The sting of raw emotion can be softened by a sterling lyric in the right setting, but in his new record Inner Path, turning to verses for a solution isn’t the primary theme Guillermo Marigliano is contending with, but instead, the introspection playing without the pressure of lyrics getting in the way can provide. There’s perspective as rich as an afternoon sunset in Inner Path’s best moments, and although you could say that the jazz music has been turning out some amazing content lately and be 100% right, little that I’ve heard has featured the heartfelt performances used to make up the bread and butter of this EP.
In “LA Samba (Los Angeles Samba),” the groove plays a bigger role in the story than it does in “Tango Blues,” but the songs are equally buxom on the instrumental end, especially in comparison to what the establishment sound in the underground scene is calling for these days. “LA Samba (Los Angeles Samba)” here is the most well-rounded artistically, but I think it’s important to note that these two songs are covering two different angles of the same artistry. Marigliano is anything but a one-note songwriter, and it’s hard for anyone to argue against that when looking at what he does on this record.
There’s soul in Marigliano’s approach to playing guitar that you can’t fake into existence, and when he starts to play something he cares about, we can feel it in our bones. The funny thing about “Bonita” and “Tango Blues” in particular is their pop-style production quality you’d never guess as much just from looking at the composition itself, but these are tracks that have been perfectly groomed to serve as a bridge between the mainstream jazz elements and the ruthless swing of a bygone era. It’s a fine way to bridge the gap, especially in terms of maintaining the fresh tone of the music.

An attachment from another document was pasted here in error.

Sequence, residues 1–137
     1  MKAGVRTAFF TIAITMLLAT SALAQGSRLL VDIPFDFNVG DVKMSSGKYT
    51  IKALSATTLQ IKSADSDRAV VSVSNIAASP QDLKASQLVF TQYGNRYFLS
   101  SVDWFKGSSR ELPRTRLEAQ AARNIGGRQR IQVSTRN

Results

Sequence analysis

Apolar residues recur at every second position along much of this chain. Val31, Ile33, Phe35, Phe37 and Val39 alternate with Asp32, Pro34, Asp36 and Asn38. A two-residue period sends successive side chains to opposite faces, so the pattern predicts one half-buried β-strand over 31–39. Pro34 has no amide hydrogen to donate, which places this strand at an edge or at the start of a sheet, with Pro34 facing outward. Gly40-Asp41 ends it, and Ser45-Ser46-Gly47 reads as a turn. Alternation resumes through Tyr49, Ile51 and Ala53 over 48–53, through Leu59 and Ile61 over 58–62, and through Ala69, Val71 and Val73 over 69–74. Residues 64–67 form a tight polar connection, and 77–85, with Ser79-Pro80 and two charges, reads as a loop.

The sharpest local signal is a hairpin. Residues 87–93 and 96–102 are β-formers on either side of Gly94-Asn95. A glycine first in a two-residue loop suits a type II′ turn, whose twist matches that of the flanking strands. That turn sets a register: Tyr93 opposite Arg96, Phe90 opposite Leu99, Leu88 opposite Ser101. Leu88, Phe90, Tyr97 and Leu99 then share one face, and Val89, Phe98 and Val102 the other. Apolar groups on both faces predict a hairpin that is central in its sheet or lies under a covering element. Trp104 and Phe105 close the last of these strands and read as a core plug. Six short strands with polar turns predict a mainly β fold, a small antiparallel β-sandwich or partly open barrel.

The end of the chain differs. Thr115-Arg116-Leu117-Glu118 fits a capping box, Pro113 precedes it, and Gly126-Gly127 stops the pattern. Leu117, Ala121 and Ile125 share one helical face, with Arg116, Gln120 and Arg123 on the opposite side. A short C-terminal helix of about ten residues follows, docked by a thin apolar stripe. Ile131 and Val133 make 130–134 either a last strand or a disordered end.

“LA Samba (Los Angeles Samba)” is a telling song in terms of its ambitious construction, but there’s more than a sexy hook driving home the narrative in “Tango Blues” here. It’s as if Guillermo Marigliano has to get as brooding as possible while still recoiling by the conclusion of a song in this record, but he doesn’t sound particularly rushed in trying to get his plan accomplished. There’s a swagger to his performance style that I could get very used to as a jazz fan, and if cultivated the right way it’s going to bring him a lot of positive feedback from listeners.
Inner Path isn’t just a good intro to who Guillermo Marigliano the performer is but an all-around star of an EP designed with its target audience in mind. Forget the frills and indulgences of a lesser jazz style; Marigliano’s approach to songcraft borrows equally from old and new schools with regards to harmony, and no matter which of the two tracks he’s offering up in Inner Path, it’s pretty obvious from top to bottom that we’re listening to someone who knows their way around a recording studio.